You say “what about since Yasiel Puig joined the Dodgers?”.  It’s true that the Dodgers offense improved significantly since Puig and Hanley Ramirez were inserted into the lineup in early June. LA managed just three and one-half runs per game in the first two months of the season as opposed to four and one-quarter in the final 109 games.

Finally, the Dodgers best offensive month was July.  They scored an even five runs/game in twenty-five contests.  This average is just barely better than the Cardinals’s full season performance.

Simply put the Dodgers pitching is going to have to be superb in order to slow the juggernaut that is the Cardinals lineup.  Clayton Kershaw and Zack Greinke may have to pull a Randy Johnson/Curt Schilling circa 2001 performance against St. Louis in order for Donnie Baseball to get his ticket punched to the World Series.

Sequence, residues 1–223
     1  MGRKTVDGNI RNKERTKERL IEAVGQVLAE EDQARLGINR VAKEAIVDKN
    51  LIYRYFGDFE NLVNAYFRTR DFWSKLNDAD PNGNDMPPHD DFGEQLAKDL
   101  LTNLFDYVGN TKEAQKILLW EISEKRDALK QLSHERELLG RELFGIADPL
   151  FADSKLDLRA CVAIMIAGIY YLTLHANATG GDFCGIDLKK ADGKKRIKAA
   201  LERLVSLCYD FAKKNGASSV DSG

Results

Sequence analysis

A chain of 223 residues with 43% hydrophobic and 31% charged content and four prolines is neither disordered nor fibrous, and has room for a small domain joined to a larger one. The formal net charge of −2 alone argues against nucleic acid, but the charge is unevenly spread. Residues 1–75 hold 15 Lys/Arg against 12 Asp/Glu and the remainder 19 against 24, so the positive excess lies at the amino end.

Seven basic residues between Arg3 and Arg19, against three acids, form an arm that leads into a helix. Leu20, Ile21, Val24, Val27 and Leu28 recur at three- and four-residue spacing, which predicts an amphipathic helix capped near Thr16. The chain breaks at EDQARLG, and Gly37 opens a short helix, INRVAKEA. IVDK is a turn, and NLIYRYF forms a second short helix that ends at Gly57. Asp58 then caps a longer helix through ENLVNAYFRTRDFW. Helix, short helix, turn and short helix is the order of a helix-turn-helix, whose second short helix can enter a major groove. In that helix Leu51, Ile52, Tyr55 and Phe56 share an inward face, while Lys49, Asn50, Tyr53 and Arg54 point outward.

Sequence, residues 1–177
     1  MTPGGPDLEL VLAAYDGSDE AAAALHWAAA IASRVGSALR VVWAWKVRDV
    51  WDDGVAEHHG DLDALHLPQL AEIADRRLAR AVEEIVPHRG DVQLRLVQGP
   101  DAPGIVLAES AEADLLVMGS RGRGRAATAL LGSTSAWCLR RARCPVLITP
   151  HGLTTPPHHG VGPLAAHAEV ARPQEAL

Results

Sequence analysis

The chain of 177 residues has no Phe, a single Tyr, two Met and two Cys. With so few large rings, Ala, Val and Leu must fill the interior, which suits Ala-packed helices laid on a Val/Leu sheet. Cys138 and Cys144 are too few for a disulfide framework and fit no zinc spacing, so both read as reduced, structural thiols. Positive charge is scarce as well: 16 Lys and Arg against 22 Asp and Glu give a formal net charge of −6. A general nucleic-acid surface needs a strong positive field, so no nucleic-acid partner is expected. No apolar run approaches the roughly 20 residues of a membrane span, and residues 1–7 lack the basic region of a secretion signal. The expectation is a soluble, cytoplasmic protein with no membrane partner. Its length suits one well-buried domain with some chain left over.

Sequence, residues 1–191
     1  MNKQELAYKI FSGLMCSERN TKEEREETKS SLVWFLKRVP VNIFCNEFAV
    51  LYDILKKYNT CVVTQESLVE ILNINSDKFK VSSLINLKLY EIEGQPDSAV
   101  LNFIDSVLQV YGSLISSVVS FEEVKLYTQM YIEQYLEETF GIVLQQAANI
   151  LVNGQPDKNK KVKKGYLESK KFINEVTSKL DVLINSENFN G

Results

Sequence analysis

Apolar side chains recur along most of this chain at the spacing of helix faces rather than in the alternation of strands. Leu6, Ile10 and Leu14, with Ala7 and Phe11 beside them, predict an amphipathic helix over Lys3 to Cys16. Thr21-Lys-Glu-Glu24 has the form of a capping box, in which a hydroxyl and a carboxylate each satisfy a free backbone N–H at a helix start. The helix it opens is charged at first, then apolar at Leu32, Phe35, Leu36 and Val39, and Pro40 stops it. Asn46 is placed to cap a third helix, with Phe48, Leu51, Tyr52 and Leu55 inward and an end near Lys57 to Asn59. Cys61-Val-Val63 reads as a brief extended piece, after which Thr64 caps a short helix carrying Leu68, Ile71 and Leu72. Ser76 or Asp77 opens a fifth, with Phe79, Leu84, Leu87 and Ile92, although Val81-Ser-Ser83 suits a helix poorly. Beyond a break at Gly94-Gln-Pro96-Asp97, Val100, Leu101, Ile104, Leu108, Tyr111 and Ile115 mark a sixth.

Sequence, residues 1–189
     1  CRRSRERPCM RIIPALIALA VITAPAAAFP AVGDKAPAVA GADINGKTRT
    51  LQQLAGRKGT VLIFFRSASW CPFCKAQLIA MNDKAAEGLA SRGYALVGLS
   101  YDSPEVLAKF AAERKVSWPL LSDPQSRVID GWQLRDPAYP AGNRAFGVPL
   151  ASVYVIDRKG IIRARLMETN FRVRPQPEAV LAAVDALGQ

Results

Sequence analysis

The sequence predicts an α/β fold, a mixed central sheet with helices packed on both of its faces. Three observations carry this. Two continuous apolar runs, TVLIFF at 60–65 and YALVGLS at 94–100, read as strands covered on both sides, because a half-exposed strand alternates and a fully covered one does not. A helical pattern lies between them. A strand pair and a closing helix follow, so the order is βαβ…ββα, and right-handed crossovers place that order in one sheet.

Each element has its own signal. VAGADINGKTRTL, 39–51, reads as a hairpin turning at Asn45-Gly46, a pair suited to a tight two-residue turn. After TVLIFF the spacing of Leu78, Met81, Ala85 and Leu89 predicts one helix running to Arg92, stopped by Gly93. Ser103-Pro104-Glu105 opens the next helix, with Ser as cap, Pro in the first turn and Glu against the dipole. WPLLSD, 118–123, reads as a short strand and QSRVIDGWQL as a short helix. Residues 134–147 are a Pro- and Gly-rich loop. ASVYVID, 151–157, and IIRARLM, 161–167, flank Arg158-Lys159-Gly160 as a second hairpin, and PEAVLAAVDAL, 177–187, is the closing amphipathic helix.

Kenley Jansen, First Reliever to 100 K’s

With two more strikeouts last night Los Angeles Dodgers closer Kenley Jansen became the first relief pitcher to 100 strikeouts this year.  Jansen has had a terrific season posting 13.3 K/9 innings.  In addition he cut his walk rate in half from 3.0 last year to just 1.6 this year.

Here are the top strikeout totals by relievers in 2013:

  1. Kenley Jansen – 100 SO, 13.3 SO/9

  2. Aroldis Chapman – 90, 15.2

  3. Trevor Rosenthal – 90, 12.8

The Claw and His Crazy ERA

Los Angeles Dodgers pitcher Clayton Kershaw turned 25 years old this past March. This season the young lefty surpassed the 1,000 career strikeout mark.  He is just the 16th pitcher in MLB history to total 1,000 strikeouts by age 25.

Here are the top five of this select class ranked by Adjusted ERA+:

Rk

Player

ERA+

SO

From

To

Age

G

Tm

1